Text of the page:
Time for the Tenth Legion to make ready

It’s never fun spending the holidays at the hospital, but I guess it is worse when you know a loved one is not coming home. My wife’s father, Robert H. Parks Sr. (better known as PawPaw), died on New Years Day. He was 95 years old and had lived a full life for which we are very thankful. PawPaw was a veteran of WWII, and served in the U.S. Navy in the Pacific. He was buried on my wife’s birthday at the Port Hudson National Cemetery.

Now all of our family members who served during WWII have passed on as have so many of the men from what is known as the Greatest Generation. These were the men who gave themselves for the cause of freedom.

When the war was over, they came home to the fields, woods and waters that they had left behind for those years, and were ready to resume their outdoor activities. This was the generation that is responsible for initiating the wildlife-restoration programs in the late 1940s and ’50; this is the generation that has provided the game populations that my generation, the Baby Boomers, have enjoyed for more than 50 years.

One of the success stories concerning this wildlife restoration effort is that of the Eastern wild turkey.

Now that the deer hunting is over, the members of the Tenth Legion are beginning to think about March and the 2011 turkey season. The Tenth Legion is that elite group of hunters that Tom Kelly wrote about in his book titled Tenth Legion. He considers turkey hunters to be the elite group of individuals who make up the hunting community. Turkey hunters are at the top and the deer hunters are at the bottom.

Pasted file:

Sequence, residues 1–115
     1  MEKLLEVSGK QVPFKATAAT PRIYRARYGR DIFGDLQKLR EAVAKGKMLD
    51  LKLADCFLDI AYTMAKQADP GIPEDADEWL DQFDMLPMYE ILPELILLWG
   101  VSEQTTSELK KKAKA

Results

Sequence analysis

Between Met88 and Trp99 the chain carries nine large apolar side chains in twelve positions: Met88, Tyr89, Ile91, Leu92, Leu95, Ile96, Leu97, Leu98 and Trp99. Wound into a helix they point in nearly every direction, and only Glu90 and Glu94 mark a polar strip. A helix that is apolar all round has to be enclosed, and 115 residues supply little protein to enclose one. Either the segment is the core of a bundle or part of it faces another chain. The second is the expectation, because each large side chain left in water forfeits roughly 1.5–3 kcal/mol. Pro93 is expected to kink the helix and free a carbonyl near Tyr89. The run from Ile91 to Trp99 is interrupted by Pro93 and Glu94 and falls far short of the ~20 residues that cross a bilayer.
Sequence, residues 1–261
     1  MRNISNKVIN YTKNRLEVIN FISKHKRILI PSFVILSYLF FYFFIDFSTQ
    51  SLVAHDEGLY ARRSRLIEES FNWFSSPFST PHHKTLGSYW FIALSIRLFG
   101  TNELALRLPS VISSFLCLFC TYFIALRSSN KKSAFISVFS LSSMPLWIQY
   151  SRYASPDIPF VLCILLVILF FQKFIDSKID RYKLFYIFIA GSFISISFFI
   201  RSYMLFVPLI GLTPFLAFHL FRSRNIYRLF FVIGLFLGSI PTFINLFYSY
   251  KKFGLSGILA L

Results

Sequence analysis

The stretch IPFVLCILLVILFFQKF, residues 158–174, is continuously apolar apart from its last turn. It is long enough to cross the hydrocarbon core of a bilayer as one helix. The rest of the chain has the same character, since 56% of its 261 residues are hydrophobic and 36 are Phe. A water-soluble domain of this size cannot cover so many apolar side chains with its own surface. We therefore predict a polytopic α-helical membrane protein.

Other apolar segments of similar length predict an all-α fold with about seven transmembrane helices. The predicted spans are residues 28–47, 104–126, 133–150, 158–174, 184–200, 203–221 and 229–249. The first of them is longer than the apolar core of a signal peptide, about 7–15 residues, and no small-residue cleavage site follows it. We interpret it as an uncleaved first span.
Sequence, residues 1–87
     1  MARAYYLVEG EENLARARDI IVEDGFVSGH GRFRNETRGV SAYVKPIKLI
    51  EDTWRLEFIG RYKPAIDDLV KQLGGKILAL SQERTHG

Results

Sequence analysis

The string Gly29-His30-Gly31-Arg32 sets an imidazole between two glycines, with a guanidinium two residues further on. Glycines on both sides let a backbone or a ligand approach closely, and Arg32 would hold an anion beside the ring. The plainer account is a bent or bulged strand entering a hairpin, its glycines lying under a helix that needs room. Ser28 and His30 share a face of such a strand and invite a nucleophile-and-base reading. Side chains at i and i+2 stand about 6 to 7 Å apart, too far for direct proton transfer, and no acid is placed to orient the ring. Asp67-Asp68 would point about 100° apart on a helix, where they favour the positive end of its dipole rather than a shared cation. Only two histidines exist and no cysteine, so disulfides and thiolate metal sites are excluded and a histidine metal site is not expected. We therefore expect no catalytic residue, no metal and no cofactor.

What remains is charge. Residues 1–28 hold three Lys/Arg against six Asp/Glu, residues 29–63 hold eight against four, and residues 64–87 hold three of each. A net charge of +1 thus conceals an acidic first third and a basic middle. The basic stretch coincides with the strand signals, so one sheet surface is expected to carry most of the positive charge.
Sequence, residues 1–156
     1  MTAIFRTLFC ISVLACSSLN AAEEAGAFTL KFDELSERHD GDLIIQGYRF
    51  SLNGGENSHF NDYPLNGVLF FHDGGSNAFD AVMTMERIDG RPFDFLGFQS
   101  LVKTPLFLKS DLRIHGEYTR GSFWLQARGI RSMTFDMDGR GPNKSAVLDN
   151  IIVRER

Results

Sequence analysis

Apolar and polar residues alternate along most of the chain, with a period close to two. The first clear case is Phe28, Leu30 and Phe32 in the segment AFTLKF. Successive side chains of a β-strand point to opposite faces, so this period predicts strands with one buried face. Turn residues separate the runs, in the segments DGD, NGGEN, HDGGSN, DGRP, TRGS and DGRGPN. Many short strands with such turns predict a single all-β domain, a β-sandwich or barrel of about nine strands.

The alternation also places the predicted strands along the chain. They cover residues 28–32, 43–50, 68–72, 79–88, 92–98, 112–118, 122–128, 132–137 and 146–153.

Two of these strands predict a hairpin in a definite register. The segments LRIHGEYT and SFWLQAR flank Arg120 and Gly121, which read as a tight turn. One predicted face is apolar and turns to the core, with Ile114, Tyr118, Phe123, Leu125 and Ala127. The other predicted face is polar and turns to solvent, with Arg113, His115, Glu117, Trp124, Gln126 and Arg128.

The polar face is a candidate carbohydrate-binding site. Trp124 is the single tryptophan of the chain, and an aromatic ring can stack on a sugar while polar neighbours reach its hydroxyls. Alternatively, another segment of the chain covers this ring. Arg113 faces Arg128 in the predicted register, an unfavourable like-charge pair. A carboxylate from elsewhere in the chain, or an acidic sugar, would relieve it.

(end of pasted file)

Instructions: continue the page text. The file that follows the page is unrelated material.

Needless to say he doesn’t have much good to say about those of us who chase those four-legged beasts who eat up the seedlings in a forest without regard to the consequences. His addiction is for that majestic game bird that, as he pens it, can lead to very hard feelings among friends and family members. If you hunt turkeys you know exactly what he is talking about, and if you hunt turkeys you know the 2011 season opens statewide on March 19. If you don’t know that it does, my advice to you is to not worry about it and go fishing. Those of us who do know will carry on without you.

Now is the time to start looking through the turkey pack and checking on gear that has been idle for the fall and winter. Louisiana did have a fall turkey season on a WMA this past year so some of you who were selected for this lottery did not have to put the pack away. If you are going to hunt the WMA lottery hunts this spring, the deadline for receiving applications is Feb. 3, so you better get busy. Some WMAs will be open for hunting to all hunters during the season.

The Statewide Turkey Youth Hunt is March 12-13, which is also the date for hunters who are physically challenged. Some WMAs will have youth hunts on other dates, so check the Louisiana Turkey Regulations for the exact information, or visit the LDWF website at www.wlf.louisiana.gov.

Another way turkey hunters can make ready in February is to attend the Louisiana 2011 Turkey Calling Contest on Feb. 26 at Bowie Outfitters in Baton Rouge. Heck, if you think you can really talk turkey, you might want to participate in the contest. The winner of the Senior Division will represent Louisiana, and attend the National Calling Contest in Nashville, compliments of the Louisiana NWTF. The other divisions that persons can enter include an Open Division (residents and non-residents), an Amateur Division, an Intermediate Division (ages 16-20) and a Jake Division for the youngsters (ages 15 and younger). There will be a separate Owl Hooting Contest and a Gobbling Contest.